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I participated on a panel this morning at the Digital Labor conference. The panel title: Digital Labor & Geographies of Crisis. On the panel: Karen Gregory, Daniel Joseph, Matthew Tiessen, Austin Walker, Dan Greene, and myself. I've included my notes, along with the image that I used to frame my presentation and to provoke a discussion about what digital labor looks like in the classroom. After all, we aren't simply talking about teachers' labor; we need to talk about students' work too. The panel was really interesting as the participants all talked about crisis and labor in very different ways: work in video games, in high frequency trading, among psychics.

Marx famously remarked that “the history of all previous societies has been the history of class struggles” — an irksome assertion for many reasons, so bear with me for invoking it. I do so only to suggest what seems to be the inverse maxim offered by the technology sector today: “there is no history; there is only planned obsolescence. There is only meritocracy, entrepreneurship, and the sharing economy.”

I write about education technology — a lot about the history of education technology — and so I’m always clenching my teeth when I hear someone suggest that Sebastian Thrun created the first MOOC or that MIT created online education, or that whatever app just raised a million or so dollars will “revolutionize education.”

I’m currently working on a book called Teaching Machines that examines the history of automation in education This drive is not simply a technological or scientific; it’s cultural, political, socio-economic. And it’s the story of education in the 20th century. The development of schooling practices as we know them today — curriculum, assessment — dovetail so nicely with the quest for teaching machines. My book explores the ways in which we have conceptualized the mechanics of human intelligence, and how has that shaped in turn the way in which we imagine and build so-called intelligent machines. 

How do teaching machines work -- do teaching machines work? And whose work, whose labor, might they replace or enhance? Those are some of the questions that I think we’re set to address today.

A quotation from Sidney Pressey, who patented (arguably at least) the first teaching machine in the 1920s: 

There must be an "industrial revolution" in education, in which educational science and the ingenuity of educational technology combine to modernize the grossly inefficient and clumsy procedures of conventional education. Work in the schools of the future will be marvelously though simply organized, so as to adjust almost automatically to individual differences and the characteristics of the learning process.There will be many labor- saving schemes and devices,and even machines--not at all for the mechanizing of education,but for the freeing of teacher and pupil from educational drudgery and incompetence.

Fast forward almost one hundred years, we see any number of technologies that echo what Pressey envisioned. Automated assessments, robe-essay graders, adaptive textbooks, algorithmic course recommendations. And I think much of the time when we talk about digital labor and education, we are focused on what that means for teachers — particularly in a world of increasing adjunctification. What technologies do we build and adopt that save teachers from "the drudgery" of school?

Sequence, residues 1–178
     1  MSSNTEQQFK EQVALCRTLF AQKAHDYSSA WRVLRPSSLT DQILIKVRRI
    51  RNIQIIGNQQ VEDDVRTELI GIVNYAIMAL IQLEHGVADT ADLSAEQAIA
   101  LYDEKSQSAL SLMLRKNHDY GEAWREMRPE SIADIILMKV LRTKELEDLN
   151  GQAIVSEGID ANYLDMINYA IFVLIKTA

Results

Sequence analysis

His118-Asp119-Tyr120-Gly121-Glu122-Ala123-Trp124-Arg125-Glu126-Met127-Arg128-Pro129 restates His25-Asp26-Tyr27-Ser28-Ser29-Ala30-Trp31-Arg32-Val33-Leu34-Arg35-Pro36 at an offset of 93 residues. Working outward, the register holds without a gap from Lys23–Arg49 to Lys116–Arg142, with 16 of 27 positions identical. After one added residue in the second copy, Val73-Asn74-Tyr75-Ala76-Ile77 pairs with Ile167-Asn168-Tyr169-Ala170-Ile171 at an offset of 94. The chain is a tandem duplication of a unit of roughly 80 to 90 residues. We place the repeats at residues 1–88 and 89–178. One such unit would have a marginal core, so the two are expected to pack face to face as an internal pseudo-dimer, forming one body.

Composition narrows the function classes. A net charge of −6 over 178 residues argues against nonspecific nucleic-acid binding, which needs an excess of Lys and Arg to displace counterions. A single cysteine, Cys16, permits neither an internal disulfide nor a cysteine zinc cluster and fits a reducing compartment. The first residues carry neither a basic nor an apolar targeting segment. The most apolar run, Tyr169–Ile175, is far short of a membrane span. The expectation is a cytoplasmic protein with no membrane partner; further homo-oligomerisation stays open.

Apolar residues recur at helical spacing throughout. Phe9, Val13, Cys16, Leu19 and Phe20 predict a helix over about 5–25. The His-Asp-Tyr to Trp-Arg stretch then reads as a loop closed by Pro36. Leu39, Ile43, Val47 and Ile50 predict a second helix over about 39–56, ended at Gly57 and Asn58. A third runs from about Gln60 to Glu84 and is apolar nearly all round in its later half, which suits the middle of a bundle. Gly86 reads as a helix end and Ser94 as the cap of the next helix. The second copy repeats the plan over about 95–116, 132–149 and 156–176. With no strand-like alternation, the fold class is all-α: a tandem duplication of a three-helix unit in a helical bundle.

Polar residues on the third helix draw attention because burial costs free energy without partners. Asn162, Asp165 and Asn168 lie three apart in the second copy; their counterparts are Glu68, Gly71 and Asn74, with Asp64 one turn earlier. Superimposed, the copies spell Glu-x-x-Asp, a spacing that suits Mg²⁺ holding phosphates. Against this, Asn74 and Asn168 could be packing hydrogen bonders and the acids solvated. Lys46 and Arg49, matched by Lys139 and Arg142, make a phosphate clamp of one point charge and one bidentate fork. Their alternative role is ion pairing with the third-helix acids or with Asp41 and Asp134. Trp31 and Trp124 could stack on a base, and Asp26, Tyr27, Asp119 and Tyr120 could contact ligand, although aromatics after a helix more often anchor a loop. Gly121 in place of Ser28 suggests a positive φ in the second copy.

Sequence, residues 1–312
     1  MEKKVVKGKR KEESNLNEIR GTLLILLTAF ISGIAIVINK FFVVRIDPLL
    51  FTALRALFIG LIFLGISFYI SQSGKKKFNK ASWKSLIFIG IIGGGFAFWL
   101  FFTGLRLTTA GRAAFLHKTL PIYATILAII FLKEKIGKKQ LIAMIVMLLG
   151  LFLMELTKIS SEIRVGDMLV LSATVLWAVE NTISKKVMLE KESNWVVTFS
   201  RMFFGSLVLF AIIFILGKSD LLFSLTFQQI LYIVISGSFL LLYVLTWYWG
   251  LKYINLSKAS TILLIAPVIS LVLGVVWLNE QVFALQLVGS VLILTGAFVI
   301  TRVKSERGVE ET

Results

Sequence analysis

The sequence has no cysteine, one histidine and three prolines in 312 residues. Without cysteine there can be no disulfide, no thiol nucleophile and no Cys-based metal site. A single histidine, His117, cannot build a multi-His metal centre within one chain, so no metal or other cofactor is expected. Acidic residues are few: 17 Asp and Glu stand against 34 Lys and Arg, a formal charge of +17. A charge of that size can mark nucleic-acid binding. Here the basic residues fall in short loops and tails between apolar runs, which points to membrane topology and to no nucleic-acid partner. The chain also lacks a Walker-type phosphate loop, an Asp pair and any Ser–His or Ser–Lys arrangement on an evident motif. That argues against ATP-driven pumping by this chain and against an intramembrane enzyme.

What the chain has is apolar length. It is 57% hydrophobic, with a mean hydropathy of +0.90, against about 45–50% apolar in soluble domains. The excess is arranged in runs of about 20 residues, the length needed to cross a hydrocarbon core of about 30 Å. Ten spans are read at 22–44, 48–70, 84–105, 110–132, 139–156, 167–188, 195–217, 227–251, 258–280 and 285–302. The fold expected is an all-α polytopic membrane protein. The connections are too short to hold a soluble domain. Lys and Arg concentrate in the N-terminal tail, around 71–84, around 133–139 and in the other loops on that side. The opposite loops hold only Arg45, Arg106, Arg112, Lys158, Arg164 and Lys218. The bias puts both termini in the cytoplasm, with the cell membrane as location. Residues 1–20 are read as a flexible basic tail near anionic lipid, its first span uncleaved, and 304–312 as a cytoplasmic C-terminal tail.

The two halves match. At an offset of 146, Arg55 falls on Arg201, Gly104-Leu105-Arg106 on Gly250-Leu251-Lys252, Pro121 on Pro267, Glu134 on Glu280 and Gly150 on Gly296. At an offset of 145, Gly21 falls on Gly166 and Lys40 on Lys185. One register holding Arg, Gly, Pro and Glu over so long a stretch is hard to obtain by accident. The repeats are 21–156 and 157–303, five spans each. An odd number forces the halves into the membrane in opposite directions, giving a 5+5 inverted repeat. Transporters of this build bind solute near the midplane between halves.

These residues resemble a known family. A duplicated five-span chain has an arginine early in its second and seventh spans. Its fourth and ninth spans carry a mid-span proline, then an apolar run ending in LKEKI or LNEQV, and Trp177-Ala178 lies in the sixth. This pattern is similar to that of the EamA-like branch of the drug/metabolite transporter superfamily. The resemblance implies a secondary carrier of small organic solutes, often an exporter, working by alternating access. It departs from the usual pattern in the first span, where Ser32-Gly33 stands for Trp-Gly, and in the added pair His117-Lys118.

I am very interested in what digital labor now looks like for educators. But I also want us to talk about what it looks like for students. I see little that wants to help students escape that drudgery. Sure, you have robots grade your essays or your multiple choice questions. But you still expect students to do that work. 

What happens now, thanks to digital technologies, to student data and student content? What happens to "student work"? We’ve used “work” to describe what students do for a long time — “school work” and “homework.” But now those are efforts that don't simply serve to fill the teacher's gradebook. They feed the software algorithm. Student "work" is a new and growing part of unpaid digital labor. 

I hear so much talk about “24-7 learning,” and the affordances of new technologies for students, for learners. But again, does that mean that students’ free time is subsumed under institutional goals? Even if much of this "24-7 learning" currently is “informal learning,” again, what labor are students performing? For whom?

And in and out of the classroom: which students? Which students are pegged as "the product"? Which students are pegged as workers? Which are pegged as creators? 

When I hear the rhetoric today about personalization, I do hear the echoes of a hundred years of education technology that has fantasized about students moving through "the curriculum" at their own pace. But phrases like "personalization" and "student centered" and "student control" don't really get to the heart of student agency. They still demand that students be consumers of "content." But now -- and this is what I think we need to consider more -- they demand too students are producers -- of data and content and "feedback loops.” Students have very little control over this "work," and this work is (and perhaps will increasingly be?) stratified along socio-economic and racial lines.

(The image above is of a computer lab at a Rocketship school. Rocketship Education is a chain of charter schools, where students -- mostly low-income students of color -- spend a great deal of the school day working on software that purports to be "personalized." I was told this was the most depressing image at the conference. Nice work, ed-tech.)

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Audrey Watters


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The History of the Future of Education Technology

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